EMD Serono‘s atacicept can effectively reduce disease activity among lupus patients with high disease activity at baseline, according to new data from the Phase 2b ADDRESS II trial.
The study, “Attainment of Low Disease Activity By Patients with Systemic Lupus Erythematosus Starting with High Disease Activity in a 24-Week, Randomized, Placebo-Controlled, Phase IIb Study of Atacicept (ADDRESS II),” was presented during the 2017 ACR/ARHP Annual Meeting in San Diego.
Atacicept is a fusion protein that blocks the activity of the signaling proteins B lymphocyte stimulator (BLyS) and A proliferation-inducing ligand (APRIL). Preclinical studies showed that atacicept could regulate the maturation of immune B-cells and inhibit the production of autoantibodies that trigger lupus.
Results from the Phase 2b ADDRESS II trial (NCT01972568) recently appeared in the journal Arthritis and Rheumatology. Atacicept was found to be safe and well tolerated by lupus patients, while showing potential to regulate autoimmune responses.
The trial enrolled 306 lupus patients who randomly received either 75 mg or 150 mg of atacicept, or a placebo, once a week. After 24 weeks of treatment, 57.8 percent of patients receiving 75 mg atacicept and 53.8 percent of patients receiving 150 mg atacicept had a significant reduction in disease activity from baseline. Of the placebo group, 44 percent saw significant reduction in disease activity. The treatment also reduced the levels of autoantibodies.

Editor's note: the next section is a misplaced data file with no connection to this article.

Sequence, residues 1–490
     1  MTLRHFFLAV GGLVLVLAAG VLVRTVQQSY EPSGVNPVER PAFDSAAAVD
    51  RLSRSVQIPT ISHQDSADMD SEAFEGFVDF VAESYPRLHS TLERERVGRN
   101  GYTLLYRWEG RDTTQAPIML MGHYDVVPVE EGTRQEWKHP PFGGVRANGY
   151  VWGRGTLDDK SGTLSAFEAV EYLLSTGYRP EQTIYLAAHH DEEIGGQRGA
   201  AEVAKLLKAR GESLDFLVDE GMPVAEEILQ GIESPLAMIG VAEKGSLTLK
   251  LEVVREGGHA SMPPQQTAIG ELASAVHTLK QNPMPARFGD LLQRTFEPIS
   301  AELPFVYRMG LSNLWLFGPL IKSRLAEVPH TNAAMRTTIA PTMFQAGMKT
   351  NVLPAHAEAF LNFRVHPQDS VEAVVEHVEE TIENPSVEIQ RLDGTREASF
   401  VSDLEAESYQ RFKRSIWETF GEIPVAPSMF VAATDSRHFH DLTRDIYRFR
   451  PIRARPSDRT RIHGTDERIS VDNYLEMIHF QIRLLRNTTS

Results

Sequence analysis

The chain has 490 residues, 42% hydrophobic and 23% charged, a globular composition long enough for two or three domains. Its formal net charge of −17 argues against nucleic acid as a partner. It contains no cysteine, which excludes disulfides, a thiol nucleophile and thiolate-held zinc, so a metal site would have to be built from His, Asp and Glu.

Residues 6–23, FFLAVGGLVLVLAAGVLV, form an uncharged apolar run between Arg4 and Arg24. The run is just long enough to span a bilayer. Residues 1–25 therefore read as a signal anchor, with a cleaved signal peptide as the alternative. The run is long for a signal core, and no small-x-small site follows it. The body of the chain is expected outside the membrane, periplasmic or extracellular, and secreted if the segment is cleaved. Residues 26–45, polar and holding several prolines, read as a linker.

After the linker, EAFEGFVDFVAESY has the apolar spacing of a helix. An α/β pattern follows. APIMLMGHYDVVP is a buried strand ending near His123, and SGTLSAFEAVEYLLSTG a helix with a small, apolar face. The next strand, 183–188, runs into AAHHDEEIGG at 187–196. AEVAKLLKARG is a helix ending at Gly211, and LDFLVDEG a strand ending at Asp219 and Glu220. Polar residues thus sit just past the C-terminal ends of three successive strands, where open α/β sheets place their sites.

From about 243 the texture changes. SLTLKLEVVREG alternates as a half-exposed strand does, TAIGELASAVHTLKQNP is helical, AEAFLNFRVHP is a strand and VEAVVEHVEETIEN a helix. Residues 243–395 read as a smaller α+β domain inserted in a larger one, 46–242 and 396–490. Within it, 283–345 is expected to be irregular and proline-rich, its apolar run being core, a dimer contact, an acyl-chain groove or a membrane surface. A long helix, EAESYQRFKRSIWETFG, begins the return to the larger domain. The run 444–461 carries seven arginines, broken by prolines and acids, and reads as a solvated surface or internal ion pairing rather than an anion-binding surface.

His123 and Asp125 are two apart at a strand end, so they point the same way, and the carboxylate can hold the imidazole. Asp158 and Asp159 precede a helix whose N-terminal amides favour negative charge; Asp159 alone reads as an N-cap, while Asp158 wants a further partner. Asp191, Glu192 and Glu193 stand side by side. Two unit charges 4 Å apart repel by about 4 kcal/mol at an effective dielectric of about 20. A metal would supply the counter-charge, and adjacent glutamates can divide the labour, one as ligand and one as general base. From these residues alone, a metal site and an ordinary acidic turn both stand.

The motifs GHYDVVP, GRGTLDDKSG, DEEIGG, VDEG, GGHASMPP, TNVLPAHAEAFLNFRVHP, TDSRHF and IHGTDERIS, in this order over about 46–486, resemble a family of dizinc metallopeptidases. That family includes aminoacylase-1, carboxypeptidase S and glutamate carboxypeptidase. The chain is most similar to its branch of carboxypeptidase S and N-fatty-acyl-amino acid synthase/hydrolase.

This latest analysis, focusing only on the 158 patients with high disease activity at baseline, shows that atacicept was also effective in this group.
Results showed that, irrespective of their treatment, 23.4 percent of patients achieved low disease activity, as determined by a Systemic Lupus Erythematosus Disease Activity Index 2000 (SLEDAI-2K) score of 2 or lower. In addition, 12 percent had a SLEDAI-2K score of 2 or lower and required a prednisone dose of 7.5 mg/day or lower. An additional 42.4 percent achieved a SLEDAI-2K of 4 or lower without major organ activity, prednisone dose of 7.5 mg/day or lower, and stable maintenance dose of immunosuppressants. Patients in these three groups were all deemed as having low disease activity.
Interestingly, patients who achieved low disease activity were mostly those with greater responses (SLE responder index-6), and receiving the higher atacicept dose. Patients who received 150 mg of atacicept were three to five times more likely to achieve low disease activity as were patients on placebo.
The findings continue to support the potential of atacicept as a treatment for lupus patients, including those with high disease activity. Nonetheless, additional studies testing atacicept are still needed, researchers said.
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